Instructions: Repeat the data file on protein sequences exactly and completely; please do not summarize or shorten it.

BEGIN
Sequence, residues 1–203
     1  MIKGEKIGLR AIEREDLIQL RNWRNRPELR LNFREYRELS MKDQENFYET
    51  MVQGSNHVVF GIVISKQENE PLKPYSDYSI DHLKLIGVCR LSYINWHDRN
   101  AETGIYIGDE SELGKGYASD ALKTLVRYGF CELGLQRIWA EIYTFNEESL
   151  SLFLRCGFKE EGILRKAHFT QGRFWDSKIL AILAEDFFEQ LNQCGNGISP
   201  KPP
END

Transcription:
Sequence, residues 1–203
     1  MIKGEKIGLR AIEREDLIQL RNWRNRPELR LNFREYRELS MKDQENFYET
    51  MVQGSNHVVF GIVISKQENE PLKPYSDYSI DHLKLIGVCR LSYINWHDRN
   101  AETGIYIGDE SELGKGYASD ALKTLVRYGF CELGLQRIWA EIYTFNEESL
   151  SLFLRCGFKE EGILRKAHFT QGRFWDSKIL AILAEDFFEQ LNQCGNGISP
   201  KPP